The t-shirt, staple of the American wardrobe. It’s casual, soft, simple, personal, social and ‘natural’, right?
Not. It’s an environmental train derailment that spans two continents, which you pull over your head, with something cute printed on it and maybe a pocket for your Tic-Tacs.
One cotton t-shirt takes as much energy to produce and care for in its life as it takes to run a large screen TV for 4 days and nights. It takes over 700 gallons of water to produce a single shirt and a third of a pound of chemicals.
Clothing in this country is at a lower percentage of income than ever. Its price at retail is all out of proportion to its environmental costs.
Breaking this down:
1. Growing the cotton for your t-shirt is killing us.
It’s one of the world’s dirtiest crops. 25% of all the world’s pesticides are applied to cotton. Growing uses a lot of that 700 gallons of water, and that lowers the water table, introduces pesticide and fertilizer runoff to what’s left, beats up the soil, and increases its salinity.
2. Processing the cotton for your t-shirt is killing us.
It takes 10 times more energy to produce textiles than glass. Cotton is no exception. After we grow the cotton, we ship it across the Pacific Ocean. The Chinese make it into t-shirts for us. With the money, they buy our debt, Kobe beef, and Audis, all while stoking their own social and environmental calamities as a result of making — guess what? Those t-shirts for us. Which they then ship back across the Pacific Ocean.
3. Taking care of your t-shirt is killing us.
Your t-shirt has to be washed more frequently, and at a higher temperature than alternative fabrics. Cotton clothing takes more water (not included in that 700 gallons, above) and detergent to clean, and more energy to iron.
4. Getting rid of your t-shirt is killing us.
The low price of that casual, informal t-shirt has introduced a mindset of disposability into our culture. We think nothing of tossing a ‘seasoned’ shirt in the can. Here is a hidden, ‘opportunity cost’: unless recycled, the entire investment we’ve made in that shirt, above, is lost. However, the international sustainability watchdog group Treehugger reports that remanufacturing cotton clothing from recycled product saves an astonishing 97.4% of the energy used to produce it. The US is not yet practiced in curbside textile recycling, but the idea is getting attention.
How to stop this killing spree:
For your next blouse or shirt, start by picking something made of viscose, a.k.a., rayon. This is a class of fibers known as ‘semi-synthetics’ as their chemistry includes naturally occurring polymers. Rayon is made from wood pulp. Fabrics made from it can emulate cotton, linen, wool, or silk. They last longer. They wash at lower temperatures, and need less ironing. They can perform like natural fibers. One newer brand, Tencel, can absorb 50% more moisture than cotton. It would seem that cutting down trees to make shirts can’t be good, but rayon is made from slash pine or hemlock grown in managed, sustainable stands, not from imperiled rainforest species or legacy forests. Finally, if not recycled, it’s 100% biodegradable.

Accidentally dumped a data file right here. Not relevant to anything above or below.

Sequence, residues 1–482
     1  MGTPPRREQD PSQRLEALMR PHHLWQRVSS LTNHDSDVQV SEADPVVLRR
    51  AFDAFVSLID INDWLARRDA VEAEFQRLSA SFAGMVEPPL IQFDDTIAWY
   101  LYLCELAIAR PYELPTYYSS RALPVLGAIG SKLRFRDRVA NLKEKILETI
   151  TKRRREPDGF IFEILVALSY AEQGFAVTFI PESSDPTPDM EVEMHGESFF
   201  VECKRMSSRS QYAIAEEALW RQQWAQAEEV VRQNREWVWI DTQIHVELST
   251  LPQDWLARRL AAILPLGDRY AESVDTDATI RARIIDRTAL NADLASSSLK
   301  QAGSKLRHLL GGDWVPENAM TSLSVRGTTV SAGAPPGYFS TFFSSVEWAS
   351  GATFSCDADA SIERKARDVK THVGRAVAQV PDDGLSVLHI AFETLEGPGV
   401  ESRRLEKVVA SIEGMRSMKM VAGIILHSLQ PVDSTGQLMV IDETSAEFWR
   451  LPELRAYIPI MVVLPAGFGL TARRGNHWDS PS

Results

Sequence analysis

Polyester or cotton/poly blends? That’s the ecological equivalent of the Devil marrying Godzilla.
New semi-synthetics are on the way, some with equally ‘natural’ properties and environmental promise. We need to reward these manufacturers.
Certified organic cotton is much better for the environment through the growing process (though it still needs the 700 gallons of water), but the follow-on dyeing and finishing catch it up to ‘bad’ cotton real quick. And from this point on the lifetime impact of the two are the same. Still, it’s a better choice for the cotton items you must have.
(SPOILER ALERT: I’m not a spokesperson for the rayon industry, and have not received, nor will I accept, any compensation from them for writing this. It is not intended to beat up or single out the cotton, an important crop for many other uses. And, no animals have been harmed in the preparation of this article.)
So here’s what you can do: remember your ‘Three R’s of Environmental Responsibility’:
Reduce: Buy One, Forget One. Most people rarely come out of a store with just one shirt or blouse in their bag, thanks in part to the sartorial gluttony retailers have foisted upon us. We now buy twice the clothing we did 20 years ago, and throwing away 70 pounds of textiles each per year. What happened? Are we wearing stuff out faster? Next time you shop, change your behavior, and the retailers’, and pick just one copy of that shirt or blouse. If you can’t resist an actual ‘Buy One, Get One’ deal they’re running, give the second to a friend.
Reuse: Buy your next clothing item from a consignment shop. That’s right — ‘new to you’ clothes. That is one less garment that needs to be made, and one more incremental incentive to these businesses to keep at it. If this creeps you out, trade an article of clothing with a friend. Start a new tradition. Give the Earth a present.
Recycle: Give or sell your clothing to that consignment shop, above. Better yet, donate used clothing. The charities and thrift shops that accept them need the revenue they get from reselling your items. This becomes even more important as the downward pressure on new clothing prices erodes the appeal of the low price used clothing offers. We need to keep them operating. If it’s not in a condition to donate, with your new rayon shirt on, take the cotton clothing you don’t wear to any recycling center that accepts it for processing.
In the meantime, take your showers in a t-shirt.